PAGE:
They are unlikely Internet celebrities — two bald eagles tending their young on the campus of Berry College in north Georgia.
But there’s no denying that they’ve become an online sensation. Thousands of people tuned in last weekend to watch as two tiny eaglets emerged from their carefully-guarded eggs, thanks to a live streaming “Eagle Cam” installed by the school.
Since then, online viewers have been able to watch Mom dutifully warming her hatchlings while Dad works around the clock to hunt and bring back food. The birds have been featured on multiple TV news broadcasts and been the subject of national and international stories. They even have their own Facebook and Tumblr pages.
“People are personally invested,” said Christine Reinolds Kozelle, director of news and editorial services at Berry College. “You have this ‘Truman Show’-like experience. People want to be part of it and say they saw it happen. Plus they are so beautiful.”
The eagle pair first appeared on the main campus of Berry College in the spring of 2012, nesting in a 100-foot pine tree between the main entrance and the athletic center. Soon, cameras were installed — one on the approach to the tree and two infrared cameras with direct views into the nest.
“When it was discovered we were really excited about it,” Kozelle said. “Animal science is one of our most popular majors so there were a lot of very curious people. We figured we’d put up the camera and we’d be able to sell our story as well. We had no idea it would be this popular. No idea. The first year we put it up, we had to move it because we couldn’t handle the traffic — it almost crashed our server.”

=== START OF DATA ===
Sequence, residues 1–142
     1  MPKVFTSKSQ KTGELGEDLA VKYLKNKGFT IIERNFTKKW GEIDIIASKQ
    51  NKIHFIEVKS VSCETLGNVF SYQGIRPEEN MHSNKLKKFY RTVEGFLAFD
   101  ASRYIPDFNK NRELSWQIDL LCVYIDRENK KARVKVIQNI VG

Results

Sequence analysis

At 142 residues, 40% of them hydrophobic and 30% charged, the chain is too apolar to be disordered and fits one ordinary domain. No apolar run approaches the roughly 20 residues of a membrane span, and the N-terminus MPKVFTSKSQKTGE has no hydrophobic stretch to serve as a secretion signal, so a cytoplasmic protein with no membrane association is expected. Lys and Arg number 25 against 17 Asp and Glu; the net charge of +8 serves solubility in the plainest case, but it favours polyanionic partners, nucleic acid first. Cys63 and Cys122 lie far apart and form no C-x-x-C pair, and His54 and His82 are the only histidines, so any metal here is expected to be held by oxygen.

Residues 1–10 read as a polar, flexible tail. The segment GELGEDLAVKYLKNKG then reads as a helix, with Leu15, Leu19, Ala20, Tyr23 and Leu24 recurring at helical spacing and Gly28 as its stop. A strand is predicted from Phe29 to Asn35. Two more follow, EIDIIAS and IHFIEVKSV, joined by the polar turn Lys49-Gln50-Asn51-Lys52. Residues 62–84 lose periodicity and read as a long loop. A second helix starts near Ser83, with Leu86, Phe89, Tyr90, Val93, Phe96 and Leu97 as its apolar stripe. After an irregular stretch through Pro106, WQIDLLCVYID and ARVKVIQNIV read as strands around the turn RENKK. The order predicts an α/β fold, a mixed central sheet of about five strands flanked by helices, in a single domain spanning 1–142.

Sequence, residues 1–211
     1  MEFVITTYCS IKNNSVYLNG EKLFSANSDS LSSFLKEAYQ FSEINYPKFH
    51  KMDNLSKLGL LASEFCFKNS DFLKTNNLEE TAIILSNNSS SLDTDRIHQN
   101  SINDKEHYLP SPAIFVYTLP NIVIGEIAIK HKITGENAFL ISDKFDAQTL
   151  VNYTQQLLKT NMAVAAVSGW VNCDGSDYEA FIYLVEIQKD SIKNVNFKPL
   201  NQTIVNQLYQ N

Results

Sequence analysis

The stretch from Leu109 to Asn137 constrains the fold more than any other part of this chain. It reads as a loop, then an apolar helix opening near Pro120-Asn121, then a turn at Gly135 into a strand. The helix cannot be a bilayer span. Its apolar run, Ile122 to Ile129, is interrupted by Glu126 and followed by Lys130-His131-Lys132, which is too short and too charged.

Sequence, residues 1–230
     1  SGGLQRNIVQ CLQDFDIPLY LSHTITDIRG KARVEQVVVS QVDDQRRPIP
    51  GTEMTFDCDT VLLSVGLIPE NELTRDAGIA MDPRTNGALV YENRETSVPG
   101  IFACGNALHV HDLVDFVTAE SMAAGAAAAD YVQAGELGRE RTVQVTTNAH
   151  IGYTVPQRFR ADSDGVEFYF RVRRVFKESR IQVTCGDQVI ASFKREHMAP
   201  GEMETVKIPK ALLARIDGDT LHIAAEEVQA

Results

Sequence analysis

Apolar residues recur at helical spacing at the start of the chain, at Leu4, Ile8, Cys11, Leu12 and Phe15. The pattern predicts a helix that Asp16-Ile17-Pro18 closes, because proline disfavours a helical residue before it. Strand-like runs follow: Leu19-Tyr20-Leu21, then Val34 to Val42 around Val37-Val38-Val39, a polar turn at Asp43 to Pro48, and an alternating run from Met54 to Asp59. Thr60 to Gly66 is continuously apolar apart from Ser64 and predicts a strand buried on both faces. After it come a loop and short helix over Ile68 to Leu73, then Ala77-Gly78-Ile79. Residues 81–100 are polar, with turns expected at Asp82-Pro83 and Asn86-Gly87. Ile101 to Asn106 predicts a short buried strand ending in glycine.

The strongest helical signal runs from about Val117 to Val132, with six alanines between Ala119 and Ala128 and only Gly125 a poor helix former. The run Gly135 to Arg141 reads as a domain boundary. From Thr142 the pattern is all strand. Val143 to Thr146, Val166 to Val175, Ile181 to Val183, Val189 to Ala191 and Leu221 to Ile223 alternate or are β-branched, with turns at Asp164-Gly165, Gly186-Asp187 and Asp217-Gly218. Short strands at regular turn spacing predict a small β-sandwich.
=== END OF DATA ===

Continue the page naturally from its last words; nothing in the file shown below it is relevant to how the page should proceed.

Kozelle said there have been over 20 million views since the live stream was set up last year. But interest spiked significantly last week, as the projected “hatch date” for the eggs approached. “We’ve gotten calls from all over the world,” she said. “Handling them has become a full-time job in and of itself. After the U.S., the second largest number of people following us is in Brazil. Then India. Then Pakistan.”
However, the livestream has revealed aspects of life in the wild that are uncomfortable for some viewers. The winter storm that just moved through the region prompted a flurry of worried posts. Even more distressing for some has been the behavior of the larger hatchling. It will peck at its smaller sibling and prevent it from eating — behavior that has generated a huge amount of commentary online.
But school officials point out that this natural behavior for eaglets. “It’s very common when there is more than one sibling for one to dominate,” Kozelle said. “This is natural and we don’t interfere. This is a way to educate people about the natural world.”
Still, Kozelle understands why it can be difficult to watch this behavior. “The struggle with the nest and the temperatures– humans identify with that,” she said. “We take care of our children and our homes. It’s easy to get attached.”
The eagles bring thousands of visitors to the campus of Berry College. Kozelle said exact numbers are hard to come by, but estimates that about 5,000 people come for a glimpse of the eagles every year.
The college is pleased with all of the attention. “One of the wonderful takeaways is that it has brought to light the resurgence of eagles,” Kozelle said. “They were endangered and now they are coming back from the brink.”
If you’d like to watch for yourself, the live stream can be found here.